Mathematics belongs both to liberal arts and to sciences. It is not only the language of science (including social science), but also studied for its own beauty. It is therefore one of the most vital and lively subjects in the University curriculum.
The Undergraduate Program of the Department of Mathematics and Statistics include five major degree options that lead to the following three major tracks.
The common preliminary lower-level courses required for all the five math major options are calculus I–III (Math 224/225, Math 226/227 or Math 230, and Math 323) , linear algebra (Math 304), and number systems (Math 330). Read the University Bulletin for a very comprehensive and detailed official description about the coursework requirements for each of the five major degree options.
The BA in Mathematical Sciences allows each student to flexibly customize a course of study to meet his or her individual needs and interests, emphasizing either the breadth or depth. The student is encouraged to gain experience in different areas of mathematics. Core areas of Mathematics include Analysis, Algebra and Geometry/Topology. Other areas include Actuarial Science, Statistics, Combinatorics, Computer Science, and others. A student is required to finish one upper-level course from each of the three core areas, and two additional upper-level courses. To obtain a BA degree in in mathematical sciences with a mathematics track, a student must complete a minimum of 40 credits of coursework.
The challenging BS degree program provides excellent preparation for graduate studies. Students considering a BS degree should seek advice from their academic advisors as early as possible and plan their schedules carefully to meet the demanding requirements. To obtain a BS degree in mathematical sciences with a mathematics track, a student must complete a minimum of 64 credits of coursework.
Statistics is the discipline that concerns the collection, organization, analysis, interpretation, and presentation of data, in the context of uncertainty. Statistics is primarily mathematics in nature but has grown through applications in the social sciences, natural sciences, as well as business and engineering, to become its own separate, though closely allied, field.
The BA track in Statistics is designed to provide a solid mathematical and statistical foundation for a successful career related to statisticians, data analysts, and data scientists. It offers students the possibility of expanding the interdisciplinary aspect of the program by completing a second major. For example, students may combine statistics with computer science, biology, psychology, economics, accounting, finance, management science, or social science.
To obtain a BA degree in mathematical sciences with a statistics track, a student must complete 50 credits of coursework.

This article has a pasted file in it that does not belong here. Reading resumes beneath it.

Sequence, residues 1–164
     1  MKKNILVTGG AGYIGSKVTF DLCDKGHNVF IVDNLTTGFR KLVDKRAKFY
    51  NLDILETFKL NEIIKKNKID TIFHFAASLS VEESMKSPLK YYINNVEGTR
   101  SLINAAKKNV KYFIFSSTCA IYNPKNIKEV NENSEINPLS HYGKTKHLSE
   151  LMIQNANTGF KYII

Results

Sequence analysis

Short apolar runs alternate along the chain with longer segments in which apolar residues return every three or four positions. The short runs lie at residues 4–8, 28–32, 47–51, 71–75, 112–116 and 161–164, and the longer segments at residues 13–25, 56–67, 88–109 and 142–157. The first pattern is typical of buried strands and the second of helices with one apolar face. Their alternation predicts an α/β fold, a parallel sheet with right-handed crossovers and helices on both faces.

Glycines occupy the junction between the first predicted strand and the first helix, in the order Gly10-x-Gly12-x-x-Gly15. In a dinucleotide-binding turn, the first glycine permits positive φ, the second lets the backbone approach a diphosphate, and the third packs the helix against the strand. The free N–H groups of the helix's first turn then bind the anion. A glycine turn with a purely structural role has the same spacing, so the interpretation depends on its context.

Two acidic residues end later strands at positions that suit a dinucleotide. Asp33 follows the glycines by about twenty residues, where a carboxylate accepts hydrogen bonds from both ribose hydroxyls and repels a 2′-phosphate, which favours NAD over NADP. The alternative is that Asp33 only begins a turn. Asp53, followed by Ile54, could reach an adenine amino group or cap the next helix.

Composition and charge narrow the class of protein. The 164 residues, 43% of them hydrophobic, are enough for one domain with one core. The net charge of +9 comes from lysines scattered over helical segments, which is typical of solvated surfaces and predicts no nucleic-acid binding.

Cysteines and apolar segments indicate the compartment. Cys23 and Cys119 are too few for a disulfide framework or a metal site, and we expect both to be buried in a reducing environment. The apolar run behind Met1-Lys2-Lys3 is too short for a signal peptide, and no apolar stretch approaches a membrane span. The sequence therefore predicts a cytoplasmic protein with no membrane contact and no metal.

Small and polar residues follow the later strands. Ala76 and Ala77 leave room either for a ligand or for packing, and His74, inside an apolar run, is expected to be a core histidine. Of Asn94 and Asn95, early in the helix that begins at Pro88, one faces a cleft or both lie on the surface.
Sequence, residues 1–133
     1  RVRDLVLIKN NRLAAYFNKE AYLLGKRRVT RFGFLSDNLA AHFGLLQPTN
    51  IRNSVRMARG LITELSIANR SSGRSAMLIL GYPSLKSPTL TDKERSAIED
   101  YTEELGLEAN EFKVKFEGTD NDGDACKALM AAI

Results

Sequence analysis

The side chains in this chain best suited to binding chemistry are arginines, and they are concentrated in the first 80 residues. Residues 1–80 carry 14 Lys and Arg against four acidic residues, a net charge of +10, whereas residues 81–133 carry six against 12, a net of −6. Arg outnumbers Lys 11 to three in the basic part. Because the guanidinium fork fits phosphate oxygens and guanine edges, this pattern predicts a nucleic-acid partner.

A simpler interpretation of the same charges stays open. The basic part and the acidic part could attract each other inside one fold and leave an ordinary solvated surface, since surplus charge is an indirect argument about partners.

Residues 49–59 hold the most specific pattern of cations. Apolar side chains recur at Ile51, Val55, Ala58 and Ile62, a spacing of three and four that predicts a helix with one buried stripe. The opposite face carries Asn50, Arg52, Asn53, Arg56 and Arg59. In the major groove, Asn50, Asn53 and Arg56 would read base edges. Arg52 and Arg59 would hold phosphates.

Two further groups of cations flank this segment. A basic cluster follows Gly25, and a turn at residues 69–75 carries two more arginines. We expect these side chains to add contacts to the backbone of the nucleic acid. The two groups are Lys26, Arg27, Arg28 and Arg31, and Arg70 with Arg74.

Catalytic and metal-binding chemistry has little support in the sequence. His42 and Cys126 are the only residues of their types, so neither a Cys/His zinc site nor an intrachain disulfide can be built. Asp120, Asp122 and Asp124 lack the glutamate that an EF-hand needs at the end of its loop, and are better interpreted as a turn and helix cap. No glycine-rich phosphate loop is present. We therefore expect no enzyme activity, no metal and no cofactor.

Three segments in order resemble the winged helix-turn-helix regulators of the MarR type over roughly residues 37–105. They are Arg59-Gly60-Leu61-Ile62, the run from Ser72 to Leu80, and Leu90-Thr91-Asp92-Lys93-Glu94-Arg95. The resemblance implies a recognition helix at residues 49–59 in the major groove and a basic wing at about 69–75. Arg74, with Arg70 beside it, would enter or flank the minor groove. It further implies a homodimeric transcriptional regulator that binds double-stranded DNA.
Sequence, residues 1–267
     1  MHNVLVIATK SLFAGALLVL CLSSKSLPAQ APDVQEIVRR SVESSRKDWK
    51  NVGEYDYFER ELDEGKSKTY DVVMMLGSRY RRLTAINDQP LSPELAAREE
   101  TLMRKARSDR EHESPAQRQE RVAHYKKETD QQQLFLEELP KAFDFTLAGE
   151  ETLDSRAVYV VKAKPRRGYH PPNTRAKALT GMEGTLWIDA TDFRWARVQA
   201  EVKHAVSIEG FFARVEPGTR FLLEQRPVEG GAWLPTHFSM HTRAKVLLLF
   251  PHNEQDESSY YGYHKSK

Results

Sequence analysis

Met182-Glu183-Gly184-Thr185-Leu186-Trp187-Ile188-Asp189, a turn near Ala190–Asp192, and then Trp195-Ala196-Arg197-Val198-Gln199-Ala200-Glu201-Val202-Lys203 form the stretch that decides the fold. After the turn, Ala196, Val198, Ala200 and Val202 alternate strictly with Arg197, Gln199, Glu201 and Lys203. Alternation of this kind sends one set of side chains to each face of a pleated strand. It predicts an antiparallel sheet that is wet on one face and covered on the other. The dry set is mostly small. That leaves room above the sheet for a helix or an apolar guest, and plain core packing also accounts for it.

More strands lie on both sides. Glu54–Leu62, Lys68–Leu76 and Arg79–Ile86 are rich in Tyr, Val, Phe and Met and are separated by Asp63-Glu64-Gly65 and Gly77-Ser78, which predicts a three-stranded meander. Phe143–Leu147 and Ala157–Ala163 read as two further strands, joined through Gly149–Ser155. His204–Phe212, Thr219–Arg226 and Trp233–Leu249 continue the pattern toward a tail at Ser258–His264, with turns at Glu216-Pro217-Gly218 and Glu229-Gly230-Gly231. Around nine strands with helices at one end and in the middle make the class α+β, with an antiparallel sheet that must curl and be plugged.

The track in Actuarial Science is designed to prepare students for an actuarial career. Actuaries use probability models to quantify uncertainty and risk in business problems. Actuaries assemble and analyze data related with risks to answer questions such as how much to charge policy-holders for auto, life or health insurances, how to set up retirement plans, how to formulate investment strategies in light of future risks. They provide an evaluation of risk for their companies for strategic decisions.
Because of the crucial role in such decision making, actuaries are rewarded accordingly; salaries offered to actuaries are substantial, and there is ample opportunity for advancement in the actuarial profession. Moreover, actuarial careers often lead to upper management and executive positions.
Professional advancement results from passing a series of examinations administered by the actuarial societies and by the completion of specific courses approved by the actuarial societies. The BA track in Actuarial Science requires 10.5 courses in Mathematical Sciences (that is 10 full-semester courses and one half-semester course) and 2 courses in Economics.
To obtain a BA degree in mathematical sciences with an actuarial science track, a student must complete 42 credits of coursework, including 10.5 courses in Mathematical Sciences and two courses in Economics. The BS degree with an actuarial science track requires 58 credits of coursework, including 14.5 courses in Mathematical Sciences and 4 courses in Economics.
In the technology-oriented climate of today, mathematicians and statisticians have excellent employment opportunities. Our graduates are employed not only in mathematics teaching and research, and in the traditional fields of physics, chemistry, computer science, and engineering, but also, and increasingly, in business, economics, environmental sciences, geology, biology and the health sciences among others.
The following websites below provide some resources on the career perspective for math and stats graduates.
For students who are interested in becoming math teachers, Binghamton offers: